Editor’s note: The Salt Lake Tribune is providing readers free access to critical local stories about the coronavirus during this time of heightened concern. See more coverage here. To support journalism like this, please consider donating or become a subscriber.

From dairy farms and cattle ranches to sheep-shearing pens and fruit orchards — Utah’s agriculture industry is suffering.

Most of the misery can be attributed to the closing of schools, restaurants and other food service businesses due to the coronavirus. But nippy spring weather has added to the misfortune by damaging fruit crops in northern Utah.

“Our agriculture industry is in crisis right now,” said Ron Gibson, president of the Utah Farm Bureau, “and every Utahn should be concerned about that. A viable agriculture industry is the base of any good economy.”

Jordan Riley said his fruit farm in Perry hasn’t been hurt by the coronavirus — although it did delay by a week the arrival of some workers from Mexico.

Farmworkers are considered essential employees and those who have worked in previous years are returning without significant delays. It’s been more difficult for new workers who require an interview because of social distancing rules.

Riley said his workers are pruning, which keeps them apart by more than the 6-foot distance required. And he has helped them learn how to order groceries for pickup and get a debit card so they can avoid using cash.

The harm he received came Tuesday, when overnight temperatures dropped below freezing and damaged fruit. It’s not a total loss, he said. “I still have about 30% of my peaches and some apricots.”

The damage was worse in Utah County, said Curtis Rowley, of Cherry Hill Farms in Payson, who spent much of Wednesday assessing frost damage. “Right now, we have lost at least half of the peaches, roughly half of the tart cherries and some apples."

If temperatures and cloud cover cooperate — though a freeze was forecast overnight for Friday — over the next few days, he added, “we should have enough to have a full crop.”

Utah orchards are just one part, however, of an agricultural industry in turmoil.

As schools shuttered, restaurants shut down (save for takeout service) and exports were cut off, the demand for milk, beef, lamb and other agricultural products has shifted, said Gibson, a west Weber dairy farmer.

He ticked off how the pandemic has affected specific industries:

Dairy • Utah farmers are disposing of thousands of gallons of excess milk — possibly as much as 50,000 gallons a day. Most are sending the excess to animal farms to be used as feed, which for farmers is “about the same thing” as dumping. Gibson said about 42% of fluid milk in Utah usually is sold to food services, while another 25% is exported. “That’s 67% of our industry that’s been whacked in the face.”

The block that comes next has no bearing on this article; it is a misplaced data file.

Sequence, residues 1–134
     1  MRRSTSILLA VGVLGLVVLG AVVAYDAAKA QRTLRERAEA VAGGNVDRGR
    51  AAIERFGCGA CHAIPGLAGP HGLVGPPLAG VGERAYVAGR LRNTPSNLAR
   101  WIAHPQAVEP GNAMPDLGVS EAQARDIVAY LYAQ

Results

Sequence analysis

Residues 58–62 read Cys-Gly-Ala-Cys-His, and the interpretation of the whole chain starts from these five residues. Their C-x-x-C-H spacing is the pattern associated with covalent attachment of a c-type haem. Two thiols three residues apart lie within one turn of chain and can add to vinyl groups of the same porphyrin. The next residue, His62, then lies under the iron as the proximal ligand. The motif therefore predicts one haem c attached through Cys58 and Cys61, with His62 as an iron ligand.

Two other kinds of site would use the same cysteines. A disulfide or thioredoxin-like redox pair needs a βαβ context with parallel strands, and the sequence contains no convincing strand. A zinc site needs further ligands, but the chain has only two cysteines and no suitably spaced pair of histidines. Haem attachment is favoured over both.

Meat • The majority of meats from steaks to leg of lamb are sold to restaurants and cruise ships, which have been shut down across the country. The drop in sales comes at the same time that some of the country’s largest meat-processing plants — including the Smithfield Foods plant in South Dakota — have been forced to temporarily close due to the pandemic. If the facilities remain closed for an extended period, some in the industry are predicting potential shortages.

Labor • Sheep ranchers face two other obstacles because of foreign travel restrictions. They have been unable to sell wool, because the testing experts from New Zealand have been unable to come into the country and most sheep workers come from Peru and have been struggling to get to the U.S.

“The problem we have now is knowing when it will be over. Next week? Next month? And will it go back to normal?” Gibson said. “We’ve built an entire industry around export and food service, and will it be severely different? Or do we need to create a new infrastructure.”

There are a few positives: The turkey industry, based in Moroni, continues to be one, and Utah has not had to plow under fresh produce crops like warmer weather states like California, Arizona and Florida have, because the growing season starts later.